There were also free apples all over the place.

All the kiddlywinks were given a free sausage, and they could go over to the campfire to grill it up.
I wanted to do it, too.

Here's my kiddlywink, sitting down to enjoy our food, and then warming his hands over the fire.

This guy was demonstrating some different grills people can have in their yards, while also grilling up a lot of sausages to keep up with demand.

I knew this grilling event was going to be awesome the minute I stepped off the bus and the air smelled like camping, and it was really cool. I loved how this was all set up in the heart of Bern, open fires to keep warm by, hot wine and beer to sip with your food, and most of all, some really good food.

And it really did remind me a lot like camping. I mean, I can't even remember the last time I camped where the rain didn't feel like it was driving at you from a January cold-front. I felt, for an hour, just like I was at campsite. And when we left, we smelled like wood smoke.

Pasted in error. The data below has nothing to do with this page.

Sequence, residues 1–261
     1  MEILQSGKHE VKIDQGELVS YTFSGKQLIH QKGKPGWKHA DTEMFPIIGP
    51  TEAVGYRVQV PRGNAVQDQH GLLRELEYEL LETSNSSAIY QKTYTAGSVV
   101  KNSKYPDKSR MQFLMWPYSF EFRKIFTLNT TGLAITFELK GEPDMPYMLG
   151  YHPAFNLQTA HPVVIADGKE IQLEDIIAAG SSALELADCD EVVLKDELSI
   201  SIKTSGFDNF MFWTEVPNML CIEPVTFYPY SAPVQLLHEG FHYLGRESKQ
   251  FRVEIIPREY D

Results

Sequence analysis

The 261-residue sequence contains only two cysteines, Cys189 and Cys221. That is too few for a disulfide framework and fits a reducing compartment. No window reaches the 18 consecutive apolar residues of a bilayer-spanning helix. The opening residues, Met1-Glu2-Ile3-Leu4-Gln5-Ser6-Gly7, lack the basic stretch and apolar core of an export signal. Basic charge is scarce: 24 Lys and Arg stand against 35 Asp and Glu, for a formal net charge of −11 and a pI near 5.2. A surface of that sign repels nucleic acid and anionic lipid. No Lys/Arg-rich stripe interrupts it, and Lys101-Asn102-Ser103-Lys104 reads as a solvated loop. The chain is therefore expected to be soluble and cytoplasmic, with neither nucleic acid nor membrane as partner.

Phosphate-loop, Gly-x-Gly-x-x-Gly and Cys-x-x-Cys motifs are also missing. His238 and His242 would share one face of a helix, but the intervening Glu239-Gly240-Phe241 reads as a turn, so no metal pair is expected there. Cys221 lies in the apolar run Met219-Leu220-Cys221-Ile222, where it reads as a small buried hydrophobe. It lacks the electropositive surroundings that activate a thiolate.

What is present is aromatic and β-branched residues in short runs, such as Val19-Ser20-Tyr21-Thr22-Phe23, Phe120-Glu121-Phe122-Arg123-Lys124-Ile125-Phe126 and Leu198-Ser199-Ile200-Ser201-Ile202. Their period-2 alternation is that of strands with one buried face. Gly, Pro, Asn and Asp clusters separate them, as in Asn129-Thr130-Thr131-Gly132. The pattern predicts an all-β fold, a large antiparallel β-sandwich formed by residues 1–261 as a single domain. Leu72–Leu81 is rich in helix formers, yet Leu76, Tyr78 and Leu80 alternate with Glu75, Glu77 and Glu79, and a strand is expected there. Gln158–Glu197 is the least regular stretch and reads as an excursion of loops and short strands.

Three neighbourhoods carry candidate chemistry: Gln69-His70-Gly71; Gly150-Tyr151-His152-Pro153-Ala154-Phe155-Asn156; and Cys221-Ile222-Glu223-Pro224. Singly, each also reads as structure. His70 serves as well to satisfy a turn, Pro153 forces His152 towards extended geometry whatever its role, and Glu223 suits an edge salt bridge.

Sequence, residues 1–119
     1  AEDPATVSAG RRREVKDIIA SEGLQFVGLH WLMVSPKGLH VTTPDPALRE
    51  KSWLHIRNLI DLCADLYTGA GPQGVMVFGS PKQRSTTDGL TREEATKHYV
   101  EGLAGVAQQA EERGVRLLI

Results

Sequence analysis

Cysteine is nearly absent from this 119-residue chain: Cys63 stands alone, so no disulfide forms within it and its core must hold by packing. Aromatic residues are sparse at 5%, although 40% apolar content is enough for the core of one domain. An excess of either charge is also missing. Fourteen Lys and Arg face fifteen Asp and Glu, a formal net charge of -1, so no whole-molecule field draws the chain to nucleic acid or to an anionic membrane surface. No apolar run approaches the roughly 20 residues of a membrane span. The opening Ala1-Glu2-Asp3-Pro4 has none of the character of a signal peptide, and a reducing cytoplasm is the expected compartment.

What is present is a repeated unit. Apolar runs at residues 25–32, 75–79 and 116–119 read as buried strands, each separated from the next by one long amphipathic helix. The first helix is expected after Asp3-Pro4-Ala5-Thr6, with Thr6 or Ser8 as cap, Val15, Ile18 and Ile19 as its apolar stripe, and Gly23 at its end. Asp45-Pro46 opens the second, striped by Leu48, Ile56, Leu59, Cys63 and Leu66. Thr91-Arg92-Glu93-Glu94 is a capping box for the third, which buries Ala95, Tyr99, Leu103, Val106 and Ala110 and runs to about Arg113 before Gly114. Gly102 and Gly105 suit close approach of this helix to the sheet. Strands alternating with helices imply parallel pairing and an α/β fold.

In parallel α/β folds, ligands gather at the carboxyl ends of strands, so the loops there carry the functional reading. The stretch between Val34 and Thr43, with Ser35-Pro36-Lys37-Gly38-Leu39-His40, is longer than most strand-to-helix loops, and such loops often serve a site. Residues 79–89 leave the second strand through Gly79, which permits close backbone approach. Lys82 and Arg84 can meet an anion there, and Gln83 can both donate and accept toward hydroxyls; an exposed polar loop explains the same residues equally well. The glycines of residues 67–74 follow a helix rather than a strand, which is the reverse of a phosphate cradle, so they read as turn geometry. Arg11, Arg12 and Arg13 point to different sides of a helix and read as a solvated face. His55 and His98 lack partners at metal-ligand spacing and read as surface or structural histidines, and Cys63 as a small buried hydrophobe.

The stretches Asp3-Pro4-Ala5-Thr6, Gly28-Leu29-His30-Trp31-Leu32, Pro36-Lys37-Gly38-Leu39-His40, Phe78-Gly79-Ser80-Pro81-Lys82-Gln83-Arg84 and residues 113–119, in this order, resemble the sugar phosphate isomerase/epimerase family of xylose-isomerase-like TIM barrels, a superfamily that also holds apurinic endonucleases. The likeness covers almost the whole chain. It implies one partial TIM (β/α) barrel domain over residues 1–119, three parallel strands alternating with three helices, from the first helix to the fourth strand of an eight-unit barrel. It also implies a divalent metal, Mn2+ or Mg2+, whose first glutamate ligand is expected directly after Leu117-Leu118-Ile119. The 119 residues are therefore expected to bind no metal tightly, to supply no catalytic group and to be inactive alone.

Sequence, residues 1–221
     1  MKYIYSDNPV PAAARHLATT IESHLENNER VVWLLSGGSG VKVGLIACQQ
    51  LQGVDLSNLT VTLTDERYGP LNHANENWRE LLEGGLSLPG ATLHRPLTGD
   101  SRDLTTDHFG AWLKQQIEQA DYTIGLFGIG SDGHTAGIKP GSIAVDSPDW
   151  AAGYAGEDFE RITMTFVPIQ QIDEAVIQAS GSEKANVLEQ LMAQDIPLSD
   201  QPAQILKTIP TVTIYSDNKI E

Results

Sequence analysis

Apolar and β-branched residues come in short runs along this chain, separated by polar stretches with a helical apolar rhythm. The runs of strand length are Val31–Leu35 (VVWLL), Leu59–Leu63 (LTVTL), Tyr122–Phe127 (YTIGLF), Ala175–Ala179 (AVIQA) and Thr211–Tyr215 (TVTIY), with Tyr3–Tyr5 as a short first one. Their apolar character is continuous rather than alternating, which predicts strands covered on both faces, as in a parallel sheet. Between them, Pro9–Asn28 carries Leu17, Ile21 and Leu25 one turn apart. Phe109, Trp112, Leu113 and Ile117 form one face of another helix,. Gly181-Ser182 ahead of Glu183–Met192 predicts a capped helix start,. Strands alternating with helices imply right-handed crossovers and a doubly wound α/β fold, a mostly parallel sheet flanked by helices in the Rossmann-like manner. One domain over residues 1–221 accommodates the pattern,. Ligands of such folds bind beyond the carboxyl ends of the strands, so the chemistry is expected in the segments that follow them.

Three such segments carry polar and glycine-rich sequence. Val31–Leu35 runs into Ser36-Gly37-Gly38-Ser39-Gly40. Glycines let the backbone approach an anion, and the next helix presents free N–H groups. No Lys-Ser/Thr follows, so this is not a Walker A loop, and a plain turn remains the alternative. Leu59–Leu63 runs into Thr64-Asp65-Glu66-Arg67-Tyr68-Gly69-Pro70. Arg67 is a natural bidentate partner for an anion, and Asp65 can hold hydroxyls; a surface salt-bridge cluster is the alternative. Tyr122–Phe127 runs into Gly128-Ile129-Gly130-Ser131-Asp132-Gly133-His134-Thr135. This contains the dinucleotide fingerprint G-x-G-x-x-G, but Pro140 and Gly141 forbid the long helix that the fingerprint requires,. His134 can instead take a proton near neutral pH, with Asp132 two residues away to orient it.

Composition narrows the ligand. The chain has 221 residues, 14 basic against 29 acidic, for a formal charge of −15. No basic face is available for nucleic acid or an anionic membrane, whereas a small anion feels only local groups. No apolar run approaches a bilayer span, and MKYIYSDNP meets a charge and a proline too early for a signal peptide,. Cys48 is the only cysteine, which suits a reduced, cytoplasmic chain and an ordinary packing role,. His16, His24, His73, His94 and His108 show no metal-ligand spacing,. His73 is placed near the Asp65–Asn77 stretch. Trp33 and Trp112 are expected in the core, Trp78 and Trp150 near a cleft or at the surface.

God I love that smell!

And what did we get up to for the rest of the weekend? Oh you know, just enjoyed my regular Sunday afternoon three hour nap. Gah! Internet, I think I need a weekend intervention.

I mean seriously, my weekend can be summed up in two words: I ate and I slept. I knew my weekend hibernation was getting bad, but I didn't realize how bad until I phoned my parents on Sunday and my mom was all:

"Oh Cait, I can't really talk. We were at a party last night and I've got a hangover this morning."

Yeah, that's right. My parents had a crazier Saturday night than I did! So that can only mean one thing: operation bust out of my weekend den starts....eventually.

(What? You have no idea how cozy my feather duvet is. It's SO cozy!)

Friday, 27 January 2012

Timelines: On Phone Calls at 4 a.m. and Swimming

This is in continuation of my last timelines post.


I had never considered how supportive the people in my life were until we started this move. I quickly learned who I wanted to cut ropes from, and those who would always be my anchors.